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2019 Ford Mustang Bullitt First Drive: Modern Nostalgia

Tackling the streets of San Fran in a special 50th anniversary edition By ,

Back in 1968, the actor Steve McQueen and director Peter Yates teamed up and revolutionized both the cinematic world and the driving experience by putting up on the big screen what would become the most legendary car chase scene ever shot. The film was Bullitt, and the setting was San Francisco. Thus was a legend born, and the green Mustang driven in the movie by the iconic actor took its place of honour in cinematic history.

Some 50 years on, Ford has decided once again (this is the fourth time) to revisit the legend, by presenting a modern version of the famous Mustang Bullitt. And, fittingly, it was through the streets of San Francisco that I got the chance to drive this next-generation Mustang Bullitt.

Discreet coolness
The 1968 Ford Mustang Bullitt was a fastback version, relatively discreet with the exception of its incredible engine roar, but it was singularly capable of withstanding all the jumps it had to perform when filming the movie. Of course, it did require a second car to complete the other sequences seen in the film, the first having been battered and bruised just a little too much during all the hard landings.

That aura of discreet coolness was a central quality that Ford sought to infuse in its 2019 Bullitt. So discreet is the new edition that nowhere on it will you find the famed Mustang head-and-mane logo. It does sport the logo of the film, mind you. The target with the Bullitt name at its centre is found on the base of the trunk, simulating at the same time the gas tank cap that used to be located there.

Photo: M.Bouchard

For the rest, forget about any ostentatious extras like outsized spoilers or showy chrome accents. The car is monochrome or just about, the only compromise being the chrome borders on the windows and the front grille. That grille, by the way, is totally black, as are the 19-inch wheels, setting in sharp contrast the red Brembo brake calipers.

Even the quadruple exhaust, one of the defining features of the Bullitt, sports black nozzles. These exhaust pipes, I should mention, come with active valves. In this regard, it bears explaining that, like the Mustang GT, the Bullitt features a “silent exhaust” mode, which when activated quiets down the roar produced by the engine.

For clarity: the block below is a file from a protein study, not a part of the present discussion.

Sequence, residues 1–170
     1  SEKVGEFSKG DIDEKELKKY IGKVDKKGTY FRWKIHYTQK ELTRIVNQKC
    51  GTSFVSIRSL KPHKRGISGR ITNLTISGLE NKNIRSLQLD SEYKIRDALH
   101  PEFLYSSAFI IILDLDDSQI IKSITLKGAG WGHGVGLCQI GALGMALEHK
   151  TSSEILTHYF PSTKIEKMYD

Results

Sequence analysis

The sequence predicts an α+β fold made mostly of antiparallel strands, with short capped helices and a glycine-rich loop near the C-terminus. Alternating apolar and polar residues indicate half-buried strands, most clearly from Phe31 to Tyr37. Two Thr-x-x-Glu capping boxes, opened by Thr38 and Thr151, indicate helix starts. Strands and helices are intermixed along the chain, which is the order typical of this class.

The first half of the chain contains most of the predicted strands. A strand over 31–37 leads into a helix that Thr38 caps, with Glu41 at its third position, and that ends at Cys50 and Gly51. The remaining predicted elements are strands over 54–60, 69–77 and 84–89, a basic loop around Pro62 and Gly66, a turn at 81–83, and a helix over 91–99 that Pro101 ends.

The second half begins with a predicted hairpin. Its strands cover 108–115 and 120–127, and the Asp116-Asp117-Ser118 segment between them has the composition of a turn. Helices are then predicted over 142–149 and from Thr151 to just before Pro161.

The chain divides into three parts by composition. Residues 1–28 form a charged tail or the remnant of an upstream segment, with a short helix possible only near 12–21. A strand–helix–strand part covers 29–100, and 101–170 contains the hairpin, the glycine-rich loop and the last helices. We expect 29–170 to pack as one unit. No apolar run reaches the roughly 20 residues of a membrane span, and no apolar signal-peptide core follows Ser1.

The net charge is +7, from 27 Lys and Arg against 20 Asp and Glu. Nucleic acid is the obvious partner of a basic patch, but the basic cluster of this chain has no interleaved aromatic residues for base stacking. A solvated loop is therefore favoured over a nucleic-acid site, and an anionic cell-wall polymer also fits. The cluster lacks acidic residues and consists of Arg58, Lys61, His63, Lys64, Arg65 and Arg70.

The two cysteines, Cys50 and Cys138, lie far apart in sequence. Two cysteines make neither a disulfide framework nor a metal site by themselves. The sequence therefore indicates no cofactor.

That’s great, but it seems a shame to deprive oneself of the pleasure provided by the engine’s veritable symphony of noise, which by the way has been configured to replicate the precise sound emitted by the original Bullitt. And while there’s been some tweaking of the sound quality to enhance the in-cabin experience, the uniqueness of the aural experience you get is still due to the mechanical brutality of the engine and its road. I have to admit, during our test drive, we tried to spend as much time as possible driving through tunnels, of which there are many in the San Francisco region. We’d open the windows and savour the sound reverberations that enveloped us in those moments. We were told, by the way, that the Bullitt also has a very serviceable audio system, but I wouldn’t know – I was too enthralled by the sound of the engine to evaluate it.

Photo: M.Bouchard

A genuine sports car
The 2019 Mustang Bullitt is powered by the same 5.0L V8 found under the hood of the Mustang GT. The settings have been played with, with the effect of conjuring up 20 more horses (for a total of 480) and 420 lb-ft of torque. This gives the Bullitt a maximum top speed around 262 km/h, or 15 more than the base-model GT.